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The risks of partial integration

While virtually all Latin American and Caribbean governments have expressed qualified approval for the creation of a hemispheric free-trade zone, debate rages as to the near-term benefits that such an arrangement woutld have for individual countries.

In some countries, politicians argue that regional trade blocks like Mercosur or even a series of good bilateral agreements might be preferable to a hemispheric pact, at least in the short term. But most economists agree that the status quo--several regional trade zones crisscrossed by dozens of unique bilateral agreements--falls far short of what is needed to unlock the true benefits of liberalized trade.

To help clarify the debate, several economists supported by the IDB recently produced a model that calculates the costs and benefits, in terms of anticipated GDP growth, of 20 possible integration scenarios for economies in Latin America and the Caribbean.

The results of the model, presented in a report entitled "Convergence and Divergence between NAFTA, Chile and MERCOSUR: Overcoming Dilemmas of North and South Economic Integration," confirm what integration specialists have long believed. Of all possible trade integration scenarios, the one that would offer the most benefits to all participants is a uniform hemispheric free trade agreement.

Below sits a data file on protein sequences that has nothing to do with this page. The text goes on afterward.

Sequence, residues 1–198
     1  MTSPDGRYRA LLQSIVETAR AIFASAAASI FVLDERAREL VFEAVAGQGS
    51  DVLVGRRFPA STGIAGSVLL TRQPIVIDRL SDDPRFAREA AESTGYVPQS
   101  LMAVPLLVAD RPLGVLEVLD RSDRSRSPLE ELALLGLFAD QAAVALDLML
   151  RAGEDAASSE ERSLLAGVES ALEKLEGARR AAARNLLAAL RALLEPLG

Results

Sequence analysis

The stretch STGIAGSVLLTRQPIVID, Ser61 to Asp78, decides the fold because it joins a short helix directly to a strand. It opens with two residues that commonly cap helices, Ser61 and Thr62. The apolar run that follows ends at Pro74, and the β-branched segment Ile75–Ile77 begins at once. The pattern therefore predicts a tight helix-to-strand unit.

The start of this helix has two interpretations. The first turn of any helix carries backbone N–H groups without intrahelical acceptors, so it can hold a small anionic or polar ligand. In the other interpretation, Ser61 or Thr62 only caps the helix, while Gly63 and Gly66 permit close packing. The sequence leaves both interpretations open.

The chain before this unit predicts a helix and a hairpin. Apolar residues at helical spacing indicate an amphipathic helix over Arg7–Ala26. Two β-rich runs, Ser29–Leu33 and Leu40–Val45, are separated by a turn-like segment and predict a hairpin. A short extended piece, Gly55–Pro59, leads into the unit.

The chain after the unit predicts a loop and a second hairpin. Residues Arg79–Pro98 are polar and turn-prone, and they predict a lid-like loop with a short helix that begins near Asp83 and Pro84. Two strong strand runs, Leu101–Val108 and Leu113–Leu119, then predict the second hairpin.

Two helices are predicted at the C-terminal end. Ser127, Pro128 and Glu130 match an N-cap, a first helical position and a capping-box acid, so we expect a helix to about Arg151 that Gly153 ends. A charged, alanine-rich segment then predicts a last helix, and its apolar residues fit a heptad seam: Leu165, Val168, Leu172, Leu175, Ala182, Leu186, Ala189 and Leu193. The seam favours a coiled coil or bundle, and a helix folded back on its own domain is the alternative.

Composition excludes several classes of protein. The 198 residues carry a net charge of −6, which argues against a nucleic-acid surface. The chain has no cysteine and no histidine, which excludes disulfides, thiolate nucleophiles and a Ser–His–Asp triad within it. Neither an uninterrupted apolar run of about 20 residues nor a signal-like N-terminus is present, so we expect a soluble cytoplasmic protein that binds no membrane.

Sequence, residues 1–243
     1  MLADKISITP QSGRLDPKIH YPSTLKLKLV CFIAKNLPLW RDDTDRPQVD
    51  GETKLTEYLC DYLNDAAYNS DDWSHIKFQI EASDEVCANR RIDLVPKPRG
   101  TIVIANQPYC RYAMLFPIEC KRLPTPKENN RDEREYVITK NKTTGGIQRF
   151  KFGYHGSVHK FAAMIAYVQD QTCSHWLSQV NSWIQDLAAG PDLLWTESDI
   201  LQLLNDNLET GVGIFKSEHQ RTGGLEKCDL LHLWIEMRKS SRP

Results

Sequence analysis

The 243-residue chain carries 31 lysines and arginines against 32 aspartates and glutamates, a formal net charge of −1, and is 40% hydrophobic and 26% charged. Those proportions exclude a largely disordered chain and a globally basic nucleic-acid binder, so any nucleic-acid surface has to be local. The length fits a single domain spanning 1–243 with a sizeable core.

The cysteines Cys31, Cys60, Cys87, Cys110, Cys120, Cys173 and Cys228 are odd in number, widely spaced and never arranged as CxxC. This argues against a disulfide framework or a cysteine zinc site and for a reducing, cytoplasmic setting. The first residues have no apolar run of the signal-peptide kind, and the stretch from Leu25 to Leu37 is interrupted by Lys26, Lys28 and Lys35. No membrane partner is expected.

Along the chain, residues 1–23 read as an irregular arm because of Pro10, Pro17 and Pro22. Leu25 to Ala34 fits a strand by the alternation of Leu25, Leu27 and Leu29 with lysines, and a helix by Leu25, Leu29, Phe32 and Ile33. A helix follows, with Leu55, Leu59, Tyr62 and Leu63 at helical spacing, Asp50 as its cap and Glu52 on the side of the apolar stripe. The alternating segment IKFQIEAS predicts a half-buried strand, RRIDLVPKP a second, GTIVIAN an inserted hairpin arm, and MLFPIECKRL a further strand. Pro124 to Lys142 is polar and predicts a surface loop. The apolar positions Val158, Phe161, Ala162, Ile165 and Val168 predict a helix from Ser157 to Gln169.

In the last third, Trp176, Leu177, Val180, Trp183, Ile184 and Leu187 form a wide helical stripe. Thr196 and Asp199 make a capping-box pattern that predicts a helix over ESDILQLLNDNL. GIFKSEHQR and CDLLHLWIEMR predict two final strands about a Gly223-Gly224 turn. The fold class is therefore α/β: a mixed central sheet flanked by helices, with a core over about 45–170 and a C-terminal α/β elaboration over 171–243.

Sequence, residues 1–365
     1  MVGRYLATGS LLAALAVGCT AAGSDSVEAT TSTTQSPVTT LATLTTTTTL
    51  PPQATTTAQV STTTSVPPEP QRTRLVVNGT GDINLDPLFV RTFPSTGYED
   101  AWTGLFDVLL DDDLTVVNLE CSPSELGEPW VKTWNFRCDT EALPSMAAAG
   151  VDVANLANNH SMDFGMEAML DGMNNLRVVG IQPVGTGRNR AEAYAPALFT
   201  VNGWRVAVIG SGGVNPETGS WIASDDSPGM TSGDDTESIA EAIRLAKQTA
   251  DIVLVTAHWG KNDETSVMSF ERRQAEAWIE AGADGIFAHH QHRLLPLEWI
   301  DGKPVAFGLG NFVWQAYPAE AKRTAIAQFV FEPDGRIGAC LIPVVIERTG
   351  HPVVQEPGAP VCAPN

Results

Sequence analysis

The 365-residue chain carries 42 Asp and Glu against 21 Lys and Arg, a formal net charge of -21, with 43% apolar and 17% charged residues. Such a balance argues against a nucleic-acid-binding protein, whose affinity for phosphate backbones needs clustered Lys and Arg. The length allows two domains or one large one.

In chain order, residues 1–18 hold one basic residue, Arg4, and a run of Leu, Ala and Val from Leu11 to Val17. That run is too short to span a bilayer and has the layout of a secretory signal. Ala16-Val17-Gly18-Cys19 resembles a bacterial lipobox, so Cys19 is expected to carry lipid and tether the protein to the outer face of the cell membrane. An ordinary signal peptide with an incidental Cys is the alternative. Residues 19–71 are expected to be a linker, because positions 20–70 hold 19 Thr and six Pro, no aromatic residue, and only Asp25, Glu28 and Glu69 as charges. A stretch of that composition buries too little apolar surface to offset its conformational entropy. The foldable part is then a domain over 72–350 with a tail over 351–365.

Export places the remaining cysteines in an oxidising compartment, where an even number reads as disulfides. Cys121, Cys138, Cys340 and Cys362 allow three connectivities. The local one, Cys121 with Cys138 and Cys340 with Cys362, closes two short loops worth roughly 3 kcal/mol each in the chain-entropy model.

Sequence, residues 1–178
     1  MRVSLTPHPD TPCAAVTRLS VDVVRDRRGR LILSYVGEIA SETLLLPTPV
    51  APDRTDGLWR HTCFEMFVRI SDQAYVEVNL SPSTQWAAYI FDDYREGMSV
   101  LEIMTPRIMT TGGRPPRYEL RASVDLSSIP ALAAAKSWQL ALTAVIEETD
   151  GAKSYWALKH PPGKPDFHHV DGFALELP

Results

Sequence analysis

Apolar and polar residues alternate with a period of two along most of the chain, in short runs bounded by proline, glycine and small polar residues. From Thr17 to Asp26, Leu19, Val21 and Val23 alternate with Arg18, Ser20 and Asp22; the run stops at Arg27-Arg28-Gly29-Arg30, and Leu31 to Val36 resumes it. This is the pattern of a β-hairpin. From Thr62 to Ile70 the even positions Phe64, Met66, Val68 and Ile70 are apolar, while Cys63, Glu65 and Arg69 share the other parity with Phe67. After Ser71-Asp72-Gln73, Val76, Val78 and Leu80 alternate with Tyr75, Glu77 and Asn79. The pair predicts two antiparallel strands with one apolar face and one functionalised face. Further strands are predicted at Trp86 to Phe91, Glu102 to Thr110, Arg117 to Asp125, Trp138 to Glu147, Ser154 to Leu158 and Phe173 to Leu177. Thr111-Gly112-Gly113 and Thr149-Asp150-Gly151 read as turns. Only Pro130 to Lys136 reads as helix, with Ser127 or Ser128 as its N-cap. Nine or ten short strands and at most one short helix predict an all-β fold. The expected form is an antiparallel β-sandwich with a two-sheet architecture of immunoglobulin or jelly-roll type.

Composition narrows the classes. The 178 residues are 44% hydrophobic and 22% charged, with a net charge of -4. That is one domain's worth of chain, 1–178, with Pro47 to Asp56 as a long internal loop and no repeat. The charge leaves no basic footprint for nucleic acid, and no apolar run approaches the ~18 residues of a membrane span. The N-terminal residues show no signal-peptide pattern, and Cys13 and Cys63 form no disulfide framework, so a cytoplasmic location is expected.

But if such an agreement is not reached, the "second best" integration alternatives for individual countries vary greatly and tend to conflict with the second best option for neighboring countries. The second best option for Mercosur members Argentina and Brazil, for example, is exclusive access to NAFTA, an option that would of course be opposed by other Mercosur members.

The authors of the report consequently warn that if the region fails to reach a hemispheric trade accord, "each country is left to fend for itself in a high stakes and highly competitive environment which will tend to focus on more limited and conflictive short-term gains."

The challenge, the authors believe, is to improve the credibility of the negotiating process leading to a hemispheric agreement, so that politicians can have a reasonable assurance that an agreement will be reached and that its benefits will be tangible and fair. Only then will governments be willing to take on the considerable political and short-term social costs of joining a hemispheric free-trade zone.

 

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